This isn’t just a game of questing and killing stuff there is also a lot that you’ll need to do back at your home base. You’ll not just be flushing the enemy out of the islands you liberate, you’ll also be gathering resources. These aren’t just used in the usual, (now rather staid crafting manner,) that we’re all used to. You actually have to build your base to get the items you want. So as an example to make weapons and armor you’ll need a factory. You’ll not only need the required resources to create this building in the first place but then more to build the items you’re after. As an example, needing new armor is one thing but to get it you’ll need cotton. To get cotton you’ll need to buy the seeds and grow them in your garden, which you’ll have to build first. This means that the time you spend at your base, (known as the Fathership) is important. This also means that you can happily spend half an hour not doing any adventuring at all and just sorting out a bit of housekeeping. The fact that you can do this by choice adds variety to the whole affair which is something I definitely appreciate.
You’ll find side quests as you discover new islands. This is all an added incentive to play the game as a whole instead of just following the narrative. For instance, I found a blind scientist on one island that needed taking to another. This could be a simple fetch quest but for the fact that the island you’re being sent to is crawling with bad guys and they’ll all be above your level if you find him early in the game. This means that you’ll need to gear up to reclaim the island in the first place. To do this you’ll have to explore further and build the stuff you need to become strong enough to stand a chance at liberating that zone. Only then can you drop off your new friend. If you’re just trying to do what the game wants you to do from a narrative perspective you probably won’t find him in the first place, (because you won’t be looking.) The fact that you’re actually being encouraged to embrace everything that Black Skylands offers but in a subtle way is brilliant.
I’m having bags of fun with this release. The game isn’t without its bugs but Black Skylands is an early access release so we shouldn’t be expecting it to be perfect. The odd glitch aside this is already a very playable game with loads to do for your money. I haven’t come anywhere near to completing the game on account of wanting to explore and do everything so I won’t pretend to call it a finished article, (though story-wise I’m assuming it is,) but even if it isn’t you won’t notice because there’s so much to do.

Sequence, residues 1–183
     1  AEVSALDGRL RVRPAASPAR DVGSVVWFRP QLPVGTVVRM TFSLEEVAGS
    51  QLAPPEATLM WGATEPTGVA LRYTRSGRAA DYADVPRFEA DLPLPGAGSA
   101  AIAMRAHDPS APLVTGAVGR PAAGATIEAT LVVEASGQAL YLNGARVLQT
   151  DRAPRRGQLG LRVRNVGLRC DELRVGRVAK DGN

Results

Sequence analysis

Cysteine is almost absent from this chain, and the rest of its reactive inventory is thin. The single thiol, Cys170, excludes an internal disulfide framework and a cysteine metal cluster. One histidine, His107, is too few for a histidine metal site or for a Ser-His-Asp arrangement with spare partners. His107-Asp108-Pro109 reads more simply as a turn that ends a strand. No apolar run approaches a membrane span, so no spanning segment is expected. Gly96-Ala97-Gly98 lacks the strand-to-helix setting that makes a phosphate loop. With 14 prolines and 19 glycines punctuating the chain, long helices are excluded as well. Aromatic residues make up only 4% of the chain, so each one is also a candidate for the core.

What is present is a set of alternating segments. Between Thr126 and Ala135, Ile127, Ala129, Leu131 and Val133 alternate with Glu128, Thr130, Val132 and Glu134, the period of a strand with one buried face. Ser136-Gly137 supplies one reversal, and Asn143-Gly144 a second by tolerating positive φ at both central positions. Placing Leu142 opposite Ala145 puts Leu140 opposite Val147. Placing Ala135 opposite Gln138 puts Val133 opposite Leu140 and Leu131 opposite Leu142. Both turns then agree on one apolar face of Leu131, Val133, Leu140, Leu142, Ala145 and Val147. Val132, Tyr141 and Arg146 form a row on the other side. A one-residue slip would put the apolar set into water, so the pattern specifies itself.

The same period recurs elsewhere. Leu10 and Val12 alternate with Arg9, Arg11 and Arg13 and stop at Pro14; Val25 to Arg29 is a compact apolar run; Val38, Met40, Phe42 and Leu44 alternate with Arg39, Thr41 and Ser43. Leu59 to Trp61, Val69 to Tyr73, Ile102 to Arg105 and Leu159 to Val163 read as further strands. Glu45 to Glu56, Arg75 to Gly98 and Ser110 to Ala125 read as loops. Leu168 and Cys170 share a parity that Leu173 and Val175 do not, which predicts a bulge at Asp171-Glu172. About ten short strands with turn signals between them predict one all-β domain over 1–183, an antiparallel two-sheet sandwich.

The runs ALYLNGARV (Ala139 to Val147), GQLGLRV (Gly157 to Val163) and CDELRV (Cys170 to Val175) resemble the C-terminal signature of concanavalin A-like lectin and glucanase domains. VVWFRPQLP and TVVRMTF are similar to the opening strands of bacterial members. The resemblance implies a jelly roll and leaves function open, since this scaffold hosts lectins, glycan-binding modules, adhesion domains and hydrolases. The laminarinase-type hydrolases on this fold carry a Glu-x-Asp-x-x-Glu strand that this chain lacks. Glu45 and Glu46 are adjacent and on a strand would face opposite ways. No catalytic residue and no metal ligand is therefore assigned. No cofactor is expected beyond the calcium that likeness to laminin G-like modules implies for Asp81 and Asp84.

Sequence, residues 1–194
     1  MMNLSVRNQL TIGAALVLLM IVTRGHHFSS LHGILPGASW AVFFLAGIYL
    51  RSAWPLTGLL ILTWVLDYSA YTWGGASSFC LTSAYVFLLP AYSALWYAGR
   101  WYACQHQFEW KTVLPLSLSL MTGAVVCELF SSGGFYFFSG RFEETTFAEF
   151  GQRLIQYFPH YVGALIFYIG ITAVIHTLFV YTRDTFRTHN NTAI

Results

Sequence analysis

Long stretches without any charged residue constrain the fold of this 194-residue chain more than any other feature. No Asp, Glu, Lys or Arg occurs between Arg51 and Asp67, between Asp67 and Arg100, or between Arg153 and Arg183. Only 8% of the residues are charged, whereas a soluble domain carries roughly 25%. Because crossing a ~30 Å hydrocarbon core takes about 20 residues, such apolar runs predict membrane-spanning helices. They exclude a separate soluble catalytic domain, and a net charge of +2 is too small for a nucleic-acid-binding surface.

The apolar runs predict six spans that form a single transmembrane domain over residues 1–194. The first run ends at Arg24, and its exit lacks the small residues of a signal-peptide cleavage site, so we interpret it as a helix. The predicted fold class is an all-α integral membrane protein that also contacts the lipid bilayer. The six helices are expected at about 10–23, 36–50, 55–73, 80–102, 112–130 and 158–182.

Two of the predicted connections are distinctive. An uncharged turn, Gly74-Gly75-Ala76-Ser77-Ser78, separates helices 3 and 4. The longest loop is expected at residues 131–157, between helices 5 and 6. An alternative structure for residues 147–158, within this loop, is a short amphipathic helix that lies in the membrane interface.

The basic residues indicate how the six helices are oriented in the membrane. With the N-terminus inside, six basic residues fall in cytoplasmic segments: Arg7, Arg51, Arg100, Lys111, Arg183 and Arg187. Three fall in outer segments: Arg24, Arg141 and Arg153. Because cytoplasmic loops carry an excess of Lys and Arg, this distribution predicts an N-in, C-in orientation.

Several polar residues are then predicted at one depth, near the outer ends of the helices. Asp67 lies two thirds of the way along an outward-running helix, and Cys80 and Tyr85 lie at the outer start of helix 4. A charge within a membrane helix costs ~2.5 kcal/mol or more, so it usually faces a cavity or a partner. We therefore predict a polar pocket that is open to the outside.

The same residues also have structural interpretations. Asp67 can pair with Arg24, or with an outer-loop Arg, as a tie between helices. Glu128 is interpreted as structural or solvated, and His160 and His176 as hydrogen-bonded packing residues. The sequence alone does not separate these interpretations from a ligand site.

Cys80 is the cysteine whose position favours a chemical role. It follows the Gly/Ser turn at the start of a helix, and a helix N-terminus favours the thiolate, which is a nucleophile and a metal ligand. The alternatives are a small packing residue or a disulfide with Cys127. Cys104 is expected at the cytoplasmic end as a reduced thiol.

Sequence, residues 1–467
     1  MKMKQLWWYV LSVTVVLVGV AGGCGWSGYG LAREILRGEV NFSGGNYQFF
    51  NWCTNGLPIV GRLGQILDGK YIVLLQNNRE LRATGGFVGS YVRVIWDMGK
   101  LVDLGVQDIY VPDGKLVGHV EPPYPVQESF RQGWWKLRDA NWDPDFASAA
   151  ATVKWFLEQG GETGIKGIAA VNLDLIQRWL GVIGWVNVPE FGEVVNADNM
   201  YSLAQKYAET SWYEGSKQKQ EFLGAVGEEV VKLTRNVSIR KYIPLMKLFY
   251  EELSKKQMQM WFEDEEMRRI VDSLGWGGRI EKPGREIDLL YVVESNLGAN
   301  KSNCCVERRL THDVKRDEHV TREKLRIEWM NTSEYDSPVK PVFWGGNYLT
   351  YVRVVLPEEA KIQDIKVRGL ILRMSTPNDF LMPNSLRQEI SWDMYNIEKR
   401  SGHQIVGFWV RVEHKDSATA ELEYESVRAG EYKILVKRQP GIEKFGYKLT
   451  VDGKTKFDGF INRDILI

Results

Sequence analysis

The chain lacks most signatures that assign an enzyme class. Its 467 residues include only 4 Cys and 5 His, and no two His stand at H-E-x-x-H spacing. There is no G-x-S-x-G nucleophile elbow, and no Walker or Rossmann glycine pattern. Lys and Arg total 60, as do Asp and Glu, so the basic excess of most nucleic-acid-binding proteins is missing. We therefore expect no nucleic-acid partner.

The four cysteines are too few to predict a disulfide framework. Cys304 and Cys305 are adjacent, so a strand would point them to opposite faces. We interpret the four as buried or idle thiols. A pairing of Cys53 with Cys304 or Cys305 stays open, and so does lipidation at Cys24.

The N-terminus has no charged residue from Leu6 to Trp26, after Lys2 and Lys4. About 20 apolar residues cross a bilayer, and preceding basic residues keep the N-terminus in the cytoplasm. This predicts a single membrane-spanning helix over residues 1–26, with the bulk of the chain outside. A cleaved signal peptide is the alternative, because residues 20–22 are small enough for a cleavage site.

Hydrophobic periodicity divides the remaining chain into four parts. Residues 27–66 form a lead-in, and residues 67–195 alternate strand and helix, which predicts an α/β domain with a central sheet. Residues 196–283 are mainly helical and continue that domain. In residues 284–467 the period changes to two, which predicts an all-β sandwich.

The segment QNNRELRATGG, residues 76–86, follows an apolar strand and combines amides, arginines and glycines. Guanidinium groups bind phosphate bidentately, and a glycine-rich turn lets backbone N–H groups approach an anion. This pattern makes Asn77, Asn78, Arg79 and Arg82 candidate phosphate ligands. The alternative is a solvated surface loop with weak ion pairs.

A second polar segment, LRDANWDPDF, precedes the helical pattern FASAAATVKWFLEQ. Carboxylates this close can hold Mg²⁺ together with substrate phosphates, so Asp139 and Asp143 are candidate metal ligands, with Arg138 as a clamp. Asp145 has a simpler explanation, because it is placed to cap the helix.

If you love an adventure and want a game with a good amount of meat on the bone then Black Skylands is going to be a great addition to your Steam library. I often look at a title on the basis of wanting to play more of it. This is one that I know I’ll keep coming back to and for a game that isn’t even out of Early Access yet, this bodes incredibly well. This is also a game that I wouldn’t feel guilty about picking up for an hour and putting down again so those of you with busy lives can still get your fix. On the flip side of the coin, this is also perfect for an afternoon binge because there’s enough there to stop gameplay from getting old. All in all, Black Skylands is definitely one to watch and if you want to give the devs a helping hand grabbing an early-access copy won’t leave you regretting spending your money.
This preview is based on an early access copy of the game provided by the publisher.
Hailing from Southport England, Alex started his gaming career in the late 80s on a Commodore 64. Since that time he's either owned or played on virtually every console released. Alex happens to...